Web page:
• quickly find bottleneck
    • Remember previous max window size
      • shift into linear increase/multiplicative decrease when get close to previous max ~ bottleneck rate
      • called “congestion avoidance”
slow start1
Slow Start
  • Quickly find the bottleneck bandwidth
tcp mechanics illustrated
TCP Mechanics Illustrated

Source

Router

Dest

100 Mbps

0.9 ms latency

10 Mbps

0 latency

slow start vs delayed acks
Slow Start vs. Delayed Acks
  • Recall that acks are delayed by 200ms to wait for application to provide data
  • But (!) TCP congestion control triggered by acks
    • if receive half as many acks => window grows half as fast
  • Slow start with window = 1
    • ack will be delayed, even though sender is waiting for ack to expand window
avoiding burstiness ack pacing
Avoiding burstiness: ack pacing

bottleneck

packets

Sender

Receiver

acks

Window size = round trip delay * bit rate

ack pacing after timeout
Ack Pacing After Timeout
  • Packet loss causes timeout, disrupts ack pacing
    • slow start/additive increase are designed to cause packet loss
  • After loss, use slow start to regain ack pacing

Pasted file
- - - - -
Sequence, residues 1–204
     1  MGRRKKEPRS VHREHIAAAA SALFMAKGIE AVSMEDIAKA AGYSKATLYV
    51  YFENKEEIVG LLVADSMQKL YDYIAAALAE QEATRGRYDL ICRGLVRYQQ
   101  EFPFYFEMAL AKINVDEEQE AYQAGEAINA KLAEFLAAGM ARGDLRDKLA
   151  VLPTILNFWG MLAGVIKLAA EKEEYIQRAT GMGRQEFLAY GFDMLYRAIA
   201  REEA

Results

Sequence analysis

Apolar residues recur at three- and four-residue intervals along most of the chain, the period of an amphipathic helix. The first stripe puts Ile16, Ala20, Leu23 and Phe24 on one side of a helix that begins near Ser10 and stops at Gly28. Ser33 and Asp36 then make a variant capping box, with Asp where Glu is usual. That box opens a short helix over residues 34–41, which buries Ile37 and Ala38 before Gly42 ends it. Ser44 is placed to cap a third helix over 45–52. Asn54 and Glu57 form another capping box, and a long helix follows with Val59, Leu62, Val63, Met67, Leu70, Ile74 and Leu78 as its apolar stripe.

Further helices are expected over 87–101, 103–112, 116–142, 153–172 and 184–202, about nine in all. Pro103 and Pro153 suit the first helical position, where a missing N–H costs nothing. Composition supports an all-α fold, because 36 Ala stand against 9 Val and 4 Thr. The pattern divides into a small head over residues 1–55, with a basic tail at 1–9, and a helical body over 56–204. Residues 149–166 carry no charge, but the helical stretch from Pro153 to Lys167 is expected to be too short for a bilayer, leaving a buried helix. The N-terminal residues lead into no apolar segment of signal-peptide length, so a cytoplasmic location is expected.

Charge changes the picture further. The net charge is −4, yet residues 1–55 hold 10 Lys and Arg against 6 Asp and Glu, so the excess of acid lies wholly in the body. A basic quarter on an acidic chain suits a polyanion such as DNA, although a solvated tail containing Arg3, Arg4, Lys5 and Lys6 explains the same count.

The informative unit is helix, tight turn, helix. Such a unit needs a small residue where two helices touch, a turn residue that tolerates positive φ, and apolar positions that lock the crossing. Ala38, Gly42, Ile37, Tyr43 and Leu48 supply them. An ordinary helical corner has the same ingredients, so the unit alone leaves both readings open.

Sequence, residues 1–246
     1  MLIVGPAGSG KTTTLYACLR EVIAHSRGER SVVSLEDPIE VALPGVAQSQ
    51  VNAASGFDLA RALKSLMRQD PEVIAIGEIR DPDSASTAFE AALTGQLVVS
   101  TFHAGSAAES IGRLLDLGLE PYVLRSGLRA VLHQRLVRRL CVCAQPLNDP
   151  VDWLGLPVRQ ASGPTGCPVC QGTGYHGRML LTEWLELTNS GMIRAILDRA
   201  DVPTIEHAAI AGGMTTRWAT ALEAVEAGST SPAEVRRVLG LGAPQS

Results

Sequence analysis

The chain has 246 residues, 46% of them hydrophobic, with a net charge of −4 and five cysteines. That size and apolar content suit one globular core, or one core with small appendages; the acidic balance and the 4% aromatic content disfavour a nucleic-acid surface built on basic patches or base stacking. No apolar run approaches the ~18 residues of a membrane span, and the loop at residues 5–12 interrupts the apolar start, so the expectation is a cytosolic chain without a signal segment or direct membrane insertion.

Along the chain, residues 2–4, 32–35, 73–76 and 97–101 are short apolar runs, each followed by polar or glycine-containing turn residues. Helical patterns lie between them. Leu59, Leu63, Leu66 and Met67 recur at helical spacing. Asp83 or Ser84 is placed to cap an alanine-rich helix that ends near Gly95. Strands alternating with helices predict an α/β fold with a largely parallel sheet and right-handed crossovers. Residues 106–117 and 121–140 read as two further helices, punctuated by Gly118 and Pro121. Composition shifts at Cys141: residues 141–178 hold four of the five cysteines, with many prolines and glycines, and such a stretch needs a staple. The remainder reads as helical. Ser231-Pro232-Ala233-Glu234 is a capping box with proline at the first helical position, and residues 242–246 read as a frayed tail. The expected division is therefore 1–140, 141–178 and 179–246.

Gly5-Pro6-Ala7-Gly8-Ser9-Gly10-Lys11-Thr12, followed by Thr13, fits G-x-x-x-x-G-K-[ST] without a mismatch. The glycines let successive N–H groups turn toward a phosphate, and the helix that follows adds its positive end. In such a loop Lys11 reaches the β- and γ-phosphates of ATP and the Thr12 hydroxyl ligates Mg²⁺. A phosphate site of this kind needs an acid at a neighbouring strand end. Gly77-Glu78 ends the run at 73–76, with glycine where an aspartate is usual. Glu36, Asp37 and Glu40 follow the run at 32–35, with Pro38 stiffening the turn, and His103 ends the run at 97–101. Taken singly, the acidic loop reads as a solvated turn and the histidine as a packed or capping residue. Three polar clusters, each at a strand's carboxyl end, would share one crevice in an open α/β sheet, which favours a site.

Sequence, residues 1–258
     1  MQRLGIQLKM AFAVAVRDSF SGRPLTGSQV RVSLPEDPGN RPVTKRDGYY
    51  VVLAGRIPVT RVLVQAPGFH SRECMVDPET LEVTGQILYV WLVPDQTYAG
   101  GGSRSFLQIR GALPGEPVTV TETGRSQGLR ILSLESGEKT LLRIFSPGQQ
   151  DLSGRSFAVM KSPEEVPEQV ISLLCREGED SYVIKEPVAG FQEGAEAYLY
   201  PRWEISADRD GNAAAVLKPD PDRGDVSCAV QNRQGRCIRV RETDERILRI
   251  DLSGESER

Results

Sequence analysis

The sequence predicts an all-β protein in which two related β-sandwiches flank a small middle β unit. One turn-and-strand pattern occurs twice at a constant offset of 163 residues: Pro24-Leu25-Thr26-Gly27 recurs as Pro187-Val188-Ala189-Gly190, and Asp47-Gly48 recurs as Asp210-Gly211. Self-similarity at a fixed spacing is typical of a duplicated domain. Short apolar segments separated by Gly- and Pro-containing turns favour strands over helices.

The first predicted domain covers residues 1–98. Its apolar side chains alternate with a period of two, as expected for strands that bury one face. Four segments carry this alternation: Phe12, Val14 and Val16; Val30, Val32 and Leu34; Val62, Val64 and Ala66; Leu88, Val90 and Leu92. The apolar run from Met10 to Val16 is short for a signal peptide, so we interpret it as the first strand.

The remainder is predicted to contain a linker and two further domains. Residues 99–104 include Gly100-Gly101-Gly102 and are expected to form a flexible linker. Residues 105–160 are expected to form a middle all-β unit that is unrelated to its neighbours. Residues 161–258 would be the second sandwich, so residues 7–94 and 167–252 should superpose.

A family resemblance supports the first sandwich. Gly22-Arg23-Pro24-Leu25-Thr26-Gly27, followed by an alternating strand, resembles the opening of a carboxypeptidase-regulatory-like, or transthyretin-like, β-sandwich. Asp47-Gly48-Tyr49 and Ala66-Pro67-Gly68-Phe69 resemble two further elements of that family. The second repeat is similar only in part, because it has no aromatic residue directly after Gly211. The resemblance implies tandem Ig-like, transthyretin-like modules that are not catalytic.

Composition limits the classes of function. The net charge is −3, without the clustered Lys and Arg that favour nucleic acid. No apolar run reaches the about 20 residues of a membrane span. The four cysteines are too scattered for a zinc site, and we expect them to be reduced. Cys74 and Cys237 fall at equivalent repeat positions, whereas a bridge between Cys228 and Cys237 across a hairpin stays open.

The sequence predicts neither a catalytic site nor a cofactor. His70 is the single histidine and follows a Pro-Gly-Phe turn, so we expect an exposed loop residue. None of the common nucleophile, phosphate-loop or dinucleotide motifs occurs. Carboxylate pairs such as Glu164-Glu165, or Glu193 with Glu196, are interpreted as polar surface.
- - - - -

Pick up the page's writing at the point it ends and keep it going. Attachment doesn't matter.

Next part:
• switch to linear increase at last successful rate
    • “congestion avoidance”

1

2

3

1

1

4

5

Timeout

1

1

1

2

5

putting it all together
Putting It All Together
  • Timeouts dominate performance!
fast retransmit
Fast Retransmit
  • Can we detect packet loss without a timeout?
    • Receiver will reply to each packet with an ack for last byte received in order
  • Duplicate acks imply either
    • packet reordering (route change)
    • packet loss
  • TCP Tahoe
    • resend if sender gets three duplicate acks, without waiting for timeout

1

2

3

1

1

4

5

1

1

1

2

5

fast retransmit caveats
Fast Retransmit Caveats
  • Assumes in order packet delivery
    • Recent proposal: measure rate of out of order delivery; dynamically adjust number of dup acks needed for retransmit
  • Doesn’t work with small windows (e.g. modems)
    • what if window size <= 3
  • Doesn’t work if many packets are lost
    • example: at peak of slow start, might lose many packets
fast retransmit1